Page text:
I watched my mother’s three-pack-a-day habit rob her bit by bit over the years. Shortness of breath. Not being able to walk more than a block or two. Coughing fits that sounded like being strangled. Oxygen tubing snaking through the house. Gasping for air. Then, mercifully, considering the death by slow suffocation possibly in store for her, my mother succumbed suddenly at home when her heart gave out.
That was nineteen years ago. My mother was 71. Just this week, my brother Dave died in much the same way at age 65. He was a good man, generous, funny, with the proverbial heart of gold.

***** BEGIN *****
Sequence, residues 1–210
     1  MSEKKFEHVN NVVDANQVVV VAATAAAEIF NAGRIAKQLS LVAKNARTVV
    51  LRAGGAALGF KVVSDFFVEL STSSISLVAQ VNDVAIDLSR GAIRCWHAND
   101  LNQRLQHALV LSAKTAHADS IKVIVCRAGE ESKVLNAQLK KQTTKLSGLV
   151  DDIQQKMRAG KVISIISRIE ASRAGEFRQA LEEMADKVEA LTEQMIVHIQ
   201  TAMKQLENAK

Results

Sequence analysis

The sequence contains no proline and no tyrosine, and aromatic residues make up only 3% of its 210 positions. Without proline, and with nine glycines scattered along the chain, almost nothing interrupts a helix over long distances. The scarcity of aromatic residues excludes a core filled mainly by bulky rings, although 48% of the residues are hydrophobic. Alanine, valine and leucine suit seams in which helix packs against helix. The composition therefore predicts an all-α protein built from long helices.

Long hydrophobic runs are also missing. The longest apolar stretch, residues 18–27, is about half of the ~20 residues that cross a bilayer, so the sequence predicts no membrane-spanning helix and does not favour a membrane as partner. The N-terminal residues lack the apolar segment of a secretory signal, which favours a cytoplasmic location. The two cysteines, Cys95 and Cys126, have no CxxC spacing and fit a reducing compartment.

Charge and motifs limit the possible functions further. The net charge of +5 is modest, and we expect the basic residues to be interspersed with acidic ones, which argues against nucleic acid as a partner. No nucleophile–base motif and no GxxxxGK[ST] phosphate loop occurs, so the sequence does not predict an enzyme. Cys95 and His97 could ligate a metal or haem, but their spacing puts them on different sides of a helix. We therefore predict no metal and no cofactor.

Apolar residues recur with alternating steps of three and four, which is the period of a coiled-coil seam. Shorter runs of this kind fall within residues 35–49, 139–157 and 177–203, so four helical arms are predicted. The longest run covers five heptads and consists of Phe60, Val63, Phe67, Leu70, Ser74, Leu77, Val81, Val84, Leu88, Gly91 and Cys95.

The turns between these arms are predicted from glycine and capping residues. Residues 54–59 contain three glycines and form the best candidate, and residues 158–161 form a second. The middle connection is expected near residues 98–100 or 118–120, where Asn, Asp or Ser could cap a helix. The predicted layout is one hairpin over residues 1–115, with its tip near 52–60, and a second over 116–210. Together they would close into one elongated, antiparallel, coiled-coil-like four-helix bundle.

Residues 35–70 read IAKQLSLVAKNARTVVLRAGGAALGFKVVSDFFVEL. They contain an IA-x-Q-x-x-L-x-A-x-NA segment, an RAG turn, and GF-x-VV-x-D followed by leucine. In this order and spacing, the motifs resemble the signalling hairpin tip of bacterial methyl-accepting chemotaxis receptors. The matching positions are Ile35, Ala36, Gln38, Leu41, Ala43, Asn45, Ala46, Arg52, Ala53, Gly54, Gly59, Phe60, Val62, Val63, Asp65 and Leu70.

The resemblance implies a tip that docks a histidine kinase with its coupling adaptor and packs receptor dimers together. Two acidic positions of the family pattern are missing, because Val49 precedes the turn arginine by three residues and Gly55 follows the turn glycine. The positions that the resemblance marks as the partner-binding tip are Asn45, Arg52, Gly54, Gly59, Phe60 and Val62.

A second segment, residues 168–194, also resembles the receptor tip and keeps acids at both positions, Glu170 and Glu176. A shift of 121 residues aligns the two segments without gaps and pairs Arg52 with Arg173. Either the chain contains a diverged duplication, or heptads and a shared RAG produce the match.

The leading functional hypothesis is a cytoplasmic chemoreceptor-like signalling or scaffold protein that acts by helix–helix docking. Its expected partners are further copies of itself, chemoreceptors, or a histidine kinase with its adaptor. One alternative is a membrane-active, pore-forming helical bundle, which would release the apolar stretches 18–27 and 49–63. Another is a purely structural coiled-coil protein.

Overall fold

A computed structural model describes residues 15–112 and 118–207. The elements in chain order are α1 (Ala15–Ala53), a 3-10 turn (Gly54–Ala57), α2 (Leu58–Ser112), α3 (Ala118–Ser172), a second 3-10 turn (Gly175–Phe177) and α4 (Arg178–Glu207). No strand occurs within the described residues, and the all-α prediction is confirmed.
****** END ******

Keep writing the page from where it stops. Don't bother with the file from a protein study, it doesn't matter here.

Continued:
My eldest brother and I spoke the day after about a lot of things. At some point, I asked him if he was still smoking. Yes, came the answer. My brother said he had two cigarettes left before he had to buy another pack, and he wasn’t yet sure what he was going to do. I jotted down this little thing, somewhere between a poem and a plea, and sent it to him.